Mangosteen (noon–10 p.m. Mon.–Sat.), in Colonia Palmira on Avenida República de Argentina, is a sleek restaurant that opened in the spring of 2009 and quickly became the new favorite in town. The menu is fusion, with several Thai curries alongside more typical Continental fare. Those in the know make meals of the outstanding appetizers, which include mozzarella in panko, Peruvian ceviche, salmon and beef carpaccio, and our favorite, the tiradito de pescado, a twist on ceviche served with crispy banana chips. Appetizers are in the US$8–12 range, and mains US$10–20. Try to snag a table in the romantic courtyard.
Rojo, Verde y Ajo (República de Argentina, tel. 504/232-3398, noon–11 p.m. Mon.–Thurs., until midnight on Fri. and Sat.), set in a converted house, is the place to see and be seen for Honduran politicians. The menu is on the pricey side (US$12–15 for most main courses), but quality is good. Try the corvina a la belle meuniere, white sea bass with mushroom, butter, and lemon sauce, or the medallones al cognac, beef medallions in cognac sauce.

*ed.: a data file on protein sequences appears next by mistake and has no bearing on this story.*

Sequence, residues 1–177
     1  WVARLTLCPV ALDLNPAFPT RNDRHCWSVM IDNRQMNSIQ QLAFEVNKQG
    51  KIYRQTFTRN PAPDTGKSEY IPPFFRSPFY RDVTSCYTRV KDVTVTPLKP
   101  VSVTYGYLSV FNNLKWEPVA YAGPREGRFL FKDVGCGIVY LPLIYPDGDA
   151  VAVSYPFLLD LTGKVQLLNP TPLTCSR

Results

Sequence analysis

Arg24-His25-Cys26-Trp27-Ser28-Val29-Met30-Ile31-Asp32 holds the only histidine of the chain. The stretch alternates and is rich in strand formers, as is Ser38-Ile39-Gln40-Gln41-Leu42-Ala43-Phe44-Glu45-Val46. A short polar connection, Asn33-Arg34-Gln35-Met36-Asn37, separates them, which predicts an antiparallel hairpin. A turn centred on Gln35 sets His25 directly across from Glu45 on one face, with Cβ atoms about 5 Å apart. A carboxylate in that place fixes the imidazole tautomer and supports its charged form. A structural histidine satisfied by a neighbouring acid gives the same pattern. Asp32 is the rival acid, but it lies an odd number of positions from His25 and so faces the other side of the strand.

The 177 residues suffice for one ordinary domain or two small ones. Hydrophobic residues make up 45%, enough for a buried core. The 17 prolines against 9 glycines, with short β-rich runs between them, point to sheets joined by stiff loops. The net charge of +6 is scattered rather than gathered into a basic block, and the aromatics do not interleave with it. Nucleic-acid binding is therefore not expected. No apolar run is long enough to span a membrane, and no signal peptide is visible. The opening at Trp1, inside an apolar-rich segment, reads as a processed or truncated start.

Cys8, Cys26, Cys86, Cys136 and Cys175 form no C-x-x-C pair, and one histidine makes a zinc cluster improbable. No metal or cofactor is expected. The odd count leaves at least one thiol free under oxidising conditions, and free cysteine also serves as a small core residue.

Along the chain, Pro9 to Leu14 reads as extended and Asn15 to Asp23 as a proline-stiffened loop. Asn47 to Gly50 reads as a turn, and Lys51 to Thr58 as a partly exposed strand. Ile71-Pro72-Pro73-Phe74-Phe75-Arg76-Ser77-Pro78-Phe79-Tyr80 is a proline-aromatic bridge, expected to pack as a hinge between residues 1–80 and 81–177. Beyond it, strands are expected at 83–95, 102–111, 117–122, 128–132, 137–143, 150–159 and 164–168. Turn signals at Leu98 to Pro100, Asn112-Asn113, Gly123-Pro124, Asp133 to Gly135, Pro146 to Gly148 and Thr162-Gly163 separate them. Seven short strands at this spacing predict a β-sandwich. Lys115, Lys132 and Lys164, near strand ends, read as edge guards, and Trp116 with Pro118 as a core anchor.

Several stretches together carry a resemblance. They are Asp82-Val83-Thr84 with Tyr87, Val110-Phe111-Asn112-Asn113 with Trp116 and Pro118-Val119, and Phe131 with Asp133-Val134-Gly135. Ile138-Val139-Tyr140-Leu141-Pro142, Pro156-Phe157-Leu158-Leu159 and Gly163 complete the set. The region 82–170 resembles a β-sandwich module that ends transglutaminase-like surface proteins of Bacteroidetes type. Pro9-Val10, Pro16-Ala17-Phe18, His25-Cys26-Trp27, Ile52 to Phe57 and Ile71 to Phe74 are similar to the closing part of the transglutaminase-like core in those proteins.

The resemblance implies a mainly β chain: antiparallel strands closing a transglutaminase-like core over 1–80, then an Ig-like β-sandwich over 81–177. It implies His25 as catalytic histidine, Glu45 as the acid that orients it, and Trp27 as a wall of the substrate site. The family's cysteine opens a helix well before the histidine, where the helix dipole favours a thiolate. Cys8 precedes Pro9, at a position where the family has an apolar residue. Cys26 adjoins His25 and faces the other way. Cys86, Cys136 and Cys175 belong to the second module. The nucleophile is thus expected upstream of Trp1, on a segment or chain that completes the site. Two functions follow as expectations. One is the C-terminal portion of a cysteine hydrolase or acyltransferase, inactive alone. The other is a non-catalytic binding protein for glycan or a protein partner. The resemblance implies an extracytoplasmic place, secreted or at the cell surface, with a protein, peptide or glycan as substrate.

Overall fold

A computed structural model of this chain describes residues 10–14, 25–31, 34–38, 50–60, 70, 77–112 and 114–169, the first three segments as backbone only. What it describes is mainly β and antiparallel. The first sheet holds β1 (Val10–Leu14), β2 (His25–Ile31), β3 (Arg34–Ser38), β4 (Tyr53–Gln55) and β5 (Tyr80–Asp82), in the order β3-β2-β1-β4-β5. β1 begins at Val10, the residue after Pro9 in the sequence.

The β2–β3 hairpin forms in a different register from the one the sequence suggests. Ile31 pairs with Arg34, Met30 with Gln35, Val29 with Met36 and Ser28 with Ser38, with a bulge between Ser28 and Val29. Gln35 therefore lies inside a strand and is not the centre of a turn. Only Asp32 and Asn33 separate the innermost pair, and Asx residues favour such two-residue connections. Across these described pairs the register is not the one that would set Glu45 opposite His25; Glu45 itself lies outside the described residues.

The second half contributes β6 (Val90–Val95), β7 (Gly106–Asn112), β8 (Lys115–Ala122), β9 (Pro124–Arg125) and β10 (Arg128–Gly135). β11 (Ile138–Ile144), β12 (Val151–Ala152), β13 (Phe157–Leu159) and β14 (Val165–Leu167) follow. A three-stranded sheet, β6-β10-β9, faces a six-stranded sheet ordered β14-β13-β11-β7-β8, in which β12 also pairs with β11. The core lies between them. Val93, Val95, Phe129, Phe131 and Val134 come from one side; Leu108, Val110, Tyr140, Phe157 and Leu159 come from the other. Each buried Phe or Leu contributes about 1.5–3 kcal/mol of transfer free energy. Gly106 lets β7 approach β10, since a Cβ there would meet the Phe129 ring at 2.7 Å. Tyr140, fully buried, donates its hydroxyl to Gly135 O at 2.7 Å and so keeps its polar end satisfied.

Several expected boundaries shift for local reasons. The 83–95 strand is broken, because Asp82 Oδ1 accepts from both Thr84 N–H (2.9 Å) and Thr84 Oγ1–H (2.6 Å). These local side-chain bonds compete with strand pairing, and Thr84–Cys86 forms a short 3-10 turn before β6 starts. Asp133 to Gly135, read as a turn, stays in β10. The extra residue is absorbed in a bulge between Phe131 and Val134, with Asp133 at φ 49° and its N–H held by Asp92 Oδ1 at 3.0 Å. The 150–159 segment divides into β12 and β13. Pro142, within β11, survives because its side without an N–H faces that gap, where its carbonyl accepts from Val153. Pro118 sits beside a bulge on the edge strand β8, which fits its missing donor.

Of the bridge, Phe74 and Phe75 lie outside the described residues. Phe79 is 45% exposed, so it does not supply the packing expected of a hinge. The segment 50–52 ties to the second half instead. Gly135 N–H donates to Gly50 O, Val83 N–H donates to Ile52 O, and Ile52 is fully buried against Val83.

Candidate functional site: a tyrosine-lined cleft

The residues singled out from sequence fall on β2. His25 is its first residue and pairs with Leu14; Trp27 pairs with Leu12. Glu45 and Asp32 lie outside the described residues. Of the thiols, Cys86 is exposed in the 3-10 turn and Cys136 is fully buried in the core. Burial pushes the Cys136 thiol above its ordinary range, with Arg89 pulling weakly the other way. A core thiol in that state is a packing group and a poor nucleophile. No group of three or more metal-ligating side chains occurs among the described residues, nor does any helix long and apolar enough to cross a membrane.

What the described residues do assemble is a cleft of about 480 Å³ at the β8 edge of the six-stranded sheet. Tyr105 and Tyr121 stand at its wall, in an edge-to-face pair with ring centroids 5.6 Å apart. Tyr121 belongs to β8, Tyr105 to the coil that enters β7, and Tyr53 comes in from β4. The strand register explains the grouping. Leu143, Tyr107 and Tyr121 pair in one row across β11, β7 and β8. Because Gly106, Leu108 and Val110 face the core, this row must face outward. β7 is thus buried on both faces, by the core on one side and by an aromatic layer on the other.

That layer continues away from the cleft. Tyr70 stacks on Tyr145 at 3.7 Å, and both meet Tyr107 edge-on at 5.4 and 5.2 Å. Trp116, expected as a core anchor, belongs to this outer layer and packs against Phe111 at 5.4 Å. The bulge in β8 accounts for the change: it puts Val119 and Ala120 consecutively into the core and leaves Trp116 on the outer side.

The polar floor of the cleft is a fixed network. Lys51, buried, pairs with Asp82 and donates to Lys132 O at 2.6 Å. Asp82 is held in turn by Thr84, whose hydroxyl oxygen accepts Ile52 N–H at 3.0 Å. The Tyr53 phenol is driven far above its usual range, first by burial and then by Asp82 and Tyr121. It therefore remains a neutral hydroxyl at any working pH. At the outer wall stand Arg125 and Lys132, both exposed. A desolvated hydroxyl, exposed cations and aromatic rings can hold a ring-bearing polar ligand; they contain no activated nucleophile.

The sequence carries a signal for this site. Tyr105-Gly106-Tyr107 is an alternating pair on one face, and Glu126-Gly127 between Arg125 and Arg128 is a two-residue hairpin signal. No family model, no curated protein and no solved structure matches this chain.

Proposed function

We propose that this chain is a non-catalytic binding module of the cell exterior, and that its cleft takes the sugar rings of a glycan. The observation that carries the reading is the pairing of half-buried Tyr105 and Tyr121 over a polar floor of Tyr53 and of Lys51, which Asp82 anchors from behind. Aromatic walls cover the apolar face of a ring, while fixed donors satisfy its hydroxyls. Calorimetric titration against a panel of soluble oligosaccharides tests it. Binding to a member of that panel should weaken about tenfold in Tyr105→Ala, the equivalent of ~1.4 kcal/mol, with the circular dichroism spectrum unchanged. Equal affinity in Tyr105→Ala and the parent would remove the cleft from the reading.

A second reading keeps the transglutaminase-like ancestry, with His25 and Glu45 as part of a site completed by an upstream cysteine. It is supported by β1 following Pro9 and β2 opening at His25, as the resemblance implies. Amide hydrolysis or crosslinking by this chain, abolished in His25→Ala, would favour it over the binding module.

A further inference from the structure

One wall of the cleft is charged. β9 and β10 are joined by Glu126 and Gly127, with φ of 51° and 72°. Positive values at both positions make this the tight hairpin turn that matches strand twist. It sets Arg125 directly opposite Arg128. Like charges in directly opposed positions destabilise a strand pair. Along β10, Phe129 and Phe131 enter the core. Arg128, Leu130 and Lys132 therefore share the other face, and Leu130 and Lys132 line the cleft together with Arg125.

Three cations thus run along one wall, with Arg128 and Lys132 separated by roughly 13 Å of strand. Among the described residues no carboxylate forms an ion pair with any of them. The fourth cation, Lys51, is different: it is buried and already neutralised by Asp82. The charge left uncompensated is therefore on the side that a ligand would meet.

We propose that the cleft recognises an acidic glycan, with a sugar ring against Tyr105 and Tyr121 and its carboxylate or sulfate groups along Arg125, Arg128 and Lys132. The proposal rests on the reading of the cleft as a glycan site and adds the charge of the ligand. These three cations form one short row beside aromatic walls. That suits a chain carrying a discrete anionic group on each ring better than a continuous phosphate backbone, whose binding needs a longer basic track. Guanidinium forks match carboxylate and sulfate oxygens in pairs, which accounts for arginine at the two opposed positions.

Back downtown, Restaurante Mediterraneo (tel. 504/237-9618, 10 a.m.–8 p.m. Mon.–Sat.) has an extensive menu with a variety of Honduran and Greek specialties—recipes that the owner learned from her Greek husband’s family, such as fakés, lentil soup (US$3), and lamb in wine sauce (US$10). The house specialty is the “garbage sandwich,” a belly-busting sandwich with an entire chicken drumstick inside (US$3.50). There are also numerous vegetarian options. The diner-style restaurant, on Calle Salvador Mendieta three blocks from the parque, is a popular place for office workers to have drinks and talk, and the waitresses will bring you an endless supply of boquitas (snacks) while you drink. The US$4–5 daily set meals are a good value.